HomeGroupsTalkMoreZeitgeist
Search Site
This site uses cookies to deliver our services, improve performance, for analytics, and (if not signed in) for advertising. By using LibraryThing you acknowledge that you have read and understand our Terms of Service and Privacy Policy. Your use of the site and services is subject to these policies and terms.

Results from Google Books

Click on a thumbnail to go to Google Books.

The Women: A Novel by Kristin Hannah
Loading...

The Women: A Novel (original 2024; edition 2024)

by Kristin Hannah (Author)

MembersReviewsPopularityAverage ratingConversations / Mentions
1,7109710,467 (4.35)1 / 21
"When twenty-year-old nursing student Frances "Frankie" McGrath hears these unexpected words, it is a revelation. Raised on idyllic Coronado Island and sheltered by her conservative parents, she has always prided herself on doing the right thing, being a good girl. But in 1965 the world is changing, and she suddenly imagines a different choice for her life. When her brother ships out to serve in Vietnam, she impulsively joins the Army Nurse Corps and follows his path. As green and inexperienced as the men sent to Vietnam to fight, Frankie is overwhelmed by the chaos and destruction of war, as well as the unexpected trauma of coming home to a changed and politically divided America."--… (more)
Member:bookchickdi
Title:The Women: A Novel
Authors:Kristin Hannah (Author)
Info:St. Martin's Press (2024), Edition: First Edition, 480 pages
Collections:Your library
Rating:*****
Tags:None

Work Information

The Women by Kristin Hannah (2024)

Loading...

Sign up for LibraryThing to find out whether you'll like this book.

» See also 21 mentions

English (96)  Spanish (1)  All languages (97)
Showing 1-5 of 96 (next | show all)
Good book. Not my favorite but i enjoy reading Kristin’s books ( )
  BethQuerrey | Jul 17, 2024 |
«Las mujeres pueden ser heroínas». Cuando Frankie McGrath, estudiante de enfermería de veinte años, oye por primera vez estas inesperadas palabras, siente una revelación. Criada en el idílico y soleado sur de California y protegida por sus conservadores padres, siempre se ha enorgullecido de hacer lo que se espera de ella, de ser una buena chica. Pero en 1966 el mundo está cambiando y, de repente, su vida parece abrirse a nuevas posibilidades. Cuando su hermano parte para combatir en Vietnam, ella se une de manera impulsiva al Cuerpo de Enfermeras del Ejército para seguirle.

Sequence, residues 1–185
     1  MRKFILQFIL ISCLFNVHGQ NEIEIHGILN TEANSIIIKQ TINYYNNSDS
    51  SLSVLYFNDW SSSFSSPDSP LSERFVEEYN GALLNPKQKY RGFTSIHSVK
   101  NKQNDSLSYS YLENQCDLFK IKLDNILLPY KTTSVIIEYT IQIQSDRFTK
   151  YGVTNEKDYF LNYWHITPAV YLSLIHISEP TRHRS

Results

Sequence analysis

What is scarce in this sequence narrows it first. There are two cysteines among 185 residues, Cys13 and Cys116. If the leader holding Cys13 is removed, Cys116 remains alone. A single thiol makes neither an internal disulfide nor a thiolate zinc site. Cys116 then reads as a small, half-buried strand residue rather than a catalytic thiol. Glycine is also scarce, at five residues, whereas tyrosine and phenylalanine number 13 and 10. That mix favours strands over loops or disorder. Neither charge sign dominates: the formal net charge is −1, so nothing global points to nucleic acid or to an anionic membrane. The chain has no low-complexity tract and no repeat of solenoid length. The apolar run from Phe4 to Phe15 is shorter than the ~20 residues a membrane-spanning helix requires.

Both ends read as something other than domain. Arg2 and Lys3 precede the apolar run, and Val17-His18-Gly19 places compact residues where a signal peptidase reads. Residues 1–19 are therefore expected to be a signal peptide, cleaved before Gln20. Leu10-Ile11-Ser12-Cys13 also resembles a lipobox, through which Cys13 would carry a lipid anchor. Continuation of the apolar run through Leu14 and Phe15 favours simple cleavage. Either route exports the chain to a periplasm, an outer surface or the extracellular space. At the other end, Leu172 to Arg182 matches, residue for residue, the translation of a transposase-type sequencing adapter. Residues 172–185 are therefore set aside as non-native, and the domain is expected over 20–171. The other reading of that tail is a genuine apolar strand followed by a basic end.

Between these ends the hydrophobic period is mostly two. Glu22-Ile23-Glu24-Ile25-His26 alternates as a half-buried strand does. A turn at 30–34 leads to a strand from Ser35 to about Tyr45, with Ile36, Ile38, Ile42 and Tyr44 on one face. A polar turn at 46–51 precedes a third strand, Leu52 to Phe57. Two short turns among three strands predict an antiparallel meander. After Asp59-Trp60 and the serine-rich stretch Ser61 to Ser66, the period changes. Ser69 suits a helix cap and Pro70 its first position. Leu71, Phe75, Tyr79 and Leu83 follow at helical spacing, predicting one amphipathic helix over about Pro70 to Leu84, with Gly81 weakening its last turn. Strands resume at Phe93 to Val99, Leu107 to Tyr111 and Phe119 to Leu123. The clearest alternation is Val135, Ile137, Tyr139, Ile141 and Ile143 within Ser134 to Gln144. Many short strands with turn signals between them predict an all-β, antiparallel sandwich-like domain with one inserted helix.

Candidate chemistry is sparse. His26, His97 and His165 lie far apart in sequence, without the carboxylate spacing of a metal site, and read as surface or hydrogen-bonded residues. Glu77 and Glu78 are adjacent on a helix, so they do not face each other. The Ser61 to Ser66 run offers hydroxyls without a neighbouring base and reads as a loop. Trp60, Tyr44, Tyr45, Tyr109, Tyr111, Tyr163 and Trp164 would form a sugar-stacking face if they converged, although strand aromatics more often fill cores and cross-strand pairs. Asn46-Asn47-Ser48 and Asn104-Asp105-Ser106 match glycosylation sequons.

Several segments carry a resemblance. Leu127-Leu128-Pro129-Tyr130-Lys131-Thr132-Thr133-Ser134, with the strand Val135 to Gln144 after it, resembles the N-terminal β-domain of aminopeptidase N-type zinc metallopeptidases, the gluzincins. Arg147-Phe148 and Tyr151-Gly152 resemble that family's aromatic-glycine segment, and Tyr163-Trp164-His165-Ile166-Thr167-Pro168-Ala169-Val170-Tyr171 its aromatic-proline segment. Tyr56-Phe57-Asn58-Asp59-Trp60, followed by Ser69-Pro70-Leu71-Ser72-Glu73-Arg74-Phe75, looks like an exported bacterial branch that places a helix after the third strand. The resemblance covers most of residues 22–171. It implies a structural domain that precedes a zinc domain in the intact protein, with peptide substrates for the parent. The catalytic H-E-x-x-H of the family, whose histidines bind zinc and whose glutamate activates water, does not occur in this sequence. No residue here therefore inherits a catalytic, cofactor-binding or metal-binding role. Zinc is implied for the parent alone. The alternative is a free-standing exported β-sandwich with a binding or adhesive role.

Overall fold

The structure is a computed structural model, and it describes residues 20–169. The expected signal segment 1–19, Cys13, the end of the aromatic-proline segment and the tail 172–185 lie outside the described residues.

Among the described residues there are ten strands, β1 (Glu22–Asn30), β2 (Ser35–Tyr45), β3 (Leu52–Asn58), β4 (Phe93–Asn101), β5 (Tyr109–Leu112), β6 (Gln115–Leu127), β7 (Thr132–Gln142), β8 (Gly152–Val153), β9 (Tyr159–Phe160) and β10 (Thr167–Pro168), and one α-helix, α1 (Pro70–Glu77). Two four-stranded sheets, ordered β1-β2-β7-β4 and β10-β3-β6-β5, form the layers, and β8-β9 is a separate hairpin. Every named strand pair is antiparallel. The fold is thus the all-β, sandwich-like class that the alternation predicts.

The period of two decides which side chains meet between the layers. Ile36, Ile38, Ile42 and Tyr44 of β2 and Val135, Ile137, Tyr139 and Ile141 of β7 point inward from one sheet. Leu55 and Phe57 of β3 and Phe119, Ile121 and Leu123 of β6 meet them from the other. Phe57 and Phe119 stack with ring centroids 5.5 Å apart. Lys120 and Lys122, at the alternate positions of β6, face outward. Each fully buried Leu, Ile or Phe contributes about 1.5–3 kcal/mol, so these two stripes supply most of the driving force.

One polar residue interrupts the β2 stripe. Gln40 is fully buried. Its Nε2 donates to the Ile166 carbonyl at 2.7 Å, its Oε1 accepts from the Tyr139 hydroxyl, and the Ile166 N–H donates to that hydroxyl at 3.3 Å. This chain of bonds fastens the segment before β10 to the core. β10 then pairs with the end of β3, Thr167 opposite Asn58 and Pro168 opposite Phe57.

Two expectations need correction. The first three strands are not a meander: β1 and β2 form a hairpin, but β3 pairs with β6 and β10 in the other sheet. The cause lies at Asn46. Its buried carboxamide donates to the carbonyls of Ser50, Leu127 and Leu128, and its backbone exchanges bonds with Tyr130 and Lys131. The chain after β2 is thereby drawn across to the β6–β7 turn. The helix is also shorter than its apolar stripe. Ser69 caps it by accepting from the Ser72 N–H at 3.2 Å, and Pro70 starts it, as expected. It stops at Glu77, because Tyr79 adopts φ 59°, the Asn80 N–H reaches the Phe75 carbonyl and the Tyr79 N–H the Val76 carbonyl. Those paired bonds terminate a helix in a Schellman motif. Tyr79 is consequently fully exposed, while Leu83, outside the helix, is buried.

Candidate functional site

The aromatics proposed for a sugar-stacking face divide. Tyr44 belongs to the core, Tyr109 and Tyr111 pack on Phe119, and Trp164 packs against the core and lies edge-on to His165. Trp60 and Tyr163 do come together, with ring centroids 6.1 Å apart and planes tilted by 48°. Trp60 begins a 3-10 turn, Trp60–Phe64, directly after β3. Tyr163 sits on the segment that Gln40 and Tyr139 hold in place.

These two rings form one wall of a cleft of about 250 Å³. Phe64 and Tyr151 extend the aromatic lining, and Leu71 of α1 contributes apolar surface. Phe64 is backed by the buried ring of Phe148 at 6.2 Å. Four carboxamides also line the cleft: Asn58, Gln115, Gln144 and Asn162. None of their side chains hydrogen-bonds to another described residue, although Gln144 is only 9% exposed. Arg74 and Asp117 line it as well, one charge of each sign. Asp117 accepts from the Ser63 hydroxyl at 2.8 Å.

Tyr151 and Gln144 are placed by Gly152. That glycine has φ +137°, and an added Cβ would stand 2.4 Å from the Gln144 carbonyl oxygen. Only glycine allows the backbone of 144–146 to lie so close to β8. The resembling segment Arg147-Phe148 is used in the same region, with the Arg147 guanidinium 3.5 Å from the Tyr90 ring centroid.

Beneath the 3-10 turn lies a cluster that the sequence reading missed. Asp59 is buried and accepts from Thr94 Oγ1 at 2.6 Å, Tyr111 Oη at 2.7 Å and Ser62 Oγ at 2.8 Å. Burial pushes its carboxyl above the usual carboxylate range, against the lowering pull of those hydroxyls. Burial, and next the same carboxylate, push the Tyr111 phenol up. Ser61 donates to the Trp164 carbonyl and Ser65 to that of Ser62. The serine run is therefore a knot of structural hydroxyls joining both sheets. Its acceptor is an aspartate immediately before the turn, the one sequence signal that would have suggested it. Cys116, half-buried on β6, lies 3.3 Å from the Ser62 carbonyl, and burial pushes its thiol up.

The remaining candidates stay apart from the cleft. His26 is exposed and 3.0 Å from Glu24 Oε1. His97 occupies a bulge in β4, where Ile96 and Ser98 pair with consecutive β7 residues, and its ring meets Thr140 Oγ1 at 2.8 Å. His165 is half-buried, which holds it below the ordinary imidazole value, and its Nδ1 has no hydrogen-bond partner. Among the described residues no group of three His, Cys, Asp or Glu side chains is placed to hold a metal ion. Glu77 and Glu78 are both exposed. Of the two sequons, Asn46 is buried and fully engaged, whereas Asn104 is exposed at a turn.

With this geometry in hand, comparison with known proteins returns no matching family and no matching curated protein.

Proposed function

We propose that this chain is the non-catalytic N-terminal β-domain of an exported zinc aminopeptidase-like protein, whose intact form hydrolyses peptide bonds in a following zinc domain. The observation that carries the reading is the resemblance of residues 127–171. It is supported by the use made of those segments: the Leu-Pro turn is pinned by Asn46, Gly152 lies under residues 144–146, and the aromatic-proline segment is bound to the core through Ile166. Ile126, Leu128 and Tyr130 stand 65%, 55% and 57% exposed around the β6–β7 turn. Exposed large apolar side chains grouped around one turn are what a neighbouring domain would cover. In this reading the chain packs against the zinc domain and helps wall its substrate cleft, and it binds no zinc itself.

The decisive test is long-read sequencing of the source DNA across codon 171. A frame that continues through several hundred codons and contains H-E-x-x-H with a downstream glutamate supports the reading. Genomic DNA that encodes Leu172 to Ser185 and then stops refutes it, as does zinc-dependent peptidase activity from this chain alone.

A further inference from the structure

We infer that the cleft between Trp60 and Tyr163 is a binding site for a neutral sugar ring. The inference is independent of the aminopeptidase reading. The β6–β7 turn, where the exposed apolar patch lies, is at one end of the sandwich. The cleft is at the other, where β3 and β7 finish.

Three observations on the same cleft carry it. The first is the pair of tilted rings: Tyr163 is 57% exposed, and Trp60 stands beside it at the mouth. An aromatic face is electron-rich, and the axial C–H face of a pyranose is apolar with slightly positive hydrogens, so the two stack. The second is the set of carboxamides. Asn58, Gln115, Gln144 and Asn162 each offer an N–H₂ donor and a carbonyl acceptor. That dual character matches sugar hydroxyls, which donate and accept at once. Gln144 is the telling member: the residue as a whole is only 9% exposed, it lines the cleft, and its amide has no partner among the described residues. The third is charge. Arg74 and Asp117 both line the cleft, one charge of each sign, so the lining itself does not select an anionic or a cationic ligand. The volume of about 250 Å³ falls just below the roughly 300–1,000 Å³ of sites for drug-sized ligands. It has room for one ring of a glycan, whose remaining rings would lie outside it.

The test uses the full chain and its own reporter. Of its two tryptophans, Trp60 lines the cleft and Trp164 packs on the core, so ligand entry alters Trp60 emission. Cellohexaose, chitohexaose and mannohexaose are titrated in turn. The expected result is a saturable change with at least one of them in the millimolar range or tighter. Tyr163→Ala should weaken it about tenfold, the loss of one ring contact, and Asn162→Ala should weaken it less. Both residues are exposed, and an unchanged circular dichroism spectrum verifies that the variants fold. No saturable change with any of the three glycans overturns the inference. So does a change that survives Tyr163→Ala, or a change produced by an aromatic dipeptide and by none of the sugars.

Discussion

Allí, Frankie se siente igual de inmadura e inexperta que los jóvenes enviados para luchar, y se ve abrumada por el caos y la destrucción de la guerra. Además, un trauma inesperado la golpea al volver a casa, el de encontrar un país cambiado y dividido, un país que quiere olvidar. Frankie descubrirá el verdadero valor de la amistad y el dolor que puede causar un corazón roto. ( )
  fewbach | Jul 15, 2024 |
Good read. Really like the author Kristin Hannah. The main character, Frankie, goes through so much. Favorite part was probably just seeing her journey and how she goes through ups and downs, but in the end learns to be at peace and calm her mind. ( )
  Zach-Rigo | Jul 14, 2024 |
Frankie goes from living in a bubble - perky, naive, and immature - to whiny and weepy when she arrives as a new nurse in Vietnam. She never really matures or evolves, despite horrifying conditions and the presence of terrible suffering. The "romances" are hard to believe - more like something out a Regency novel than what you'd expect from a hugely successful bestselling writer.... wooden characters, all the men are heroes and all the women are of course lovely in their special way. The plot was pretty ridiculous and unsophisticated - coincidences that strained credulity, good and evil portrayed with no shades of nuance, and oh, by the way, - spoiler alert - two characters who are "killed off" aren't really dead after all. Really- what are the chances? Such a complex and difficult topic deserve a much more subtle, balanced, and thoughtful treatment. ( )
  JaneReading | Jul 14, 2024 |
I had to listen to this in a great rush - kicked up the speed to X1.5 - because I'd only left 3 days to get through a 15 hour book - and it quickly became apparent that I had to finish this book - it wouldn't let me go.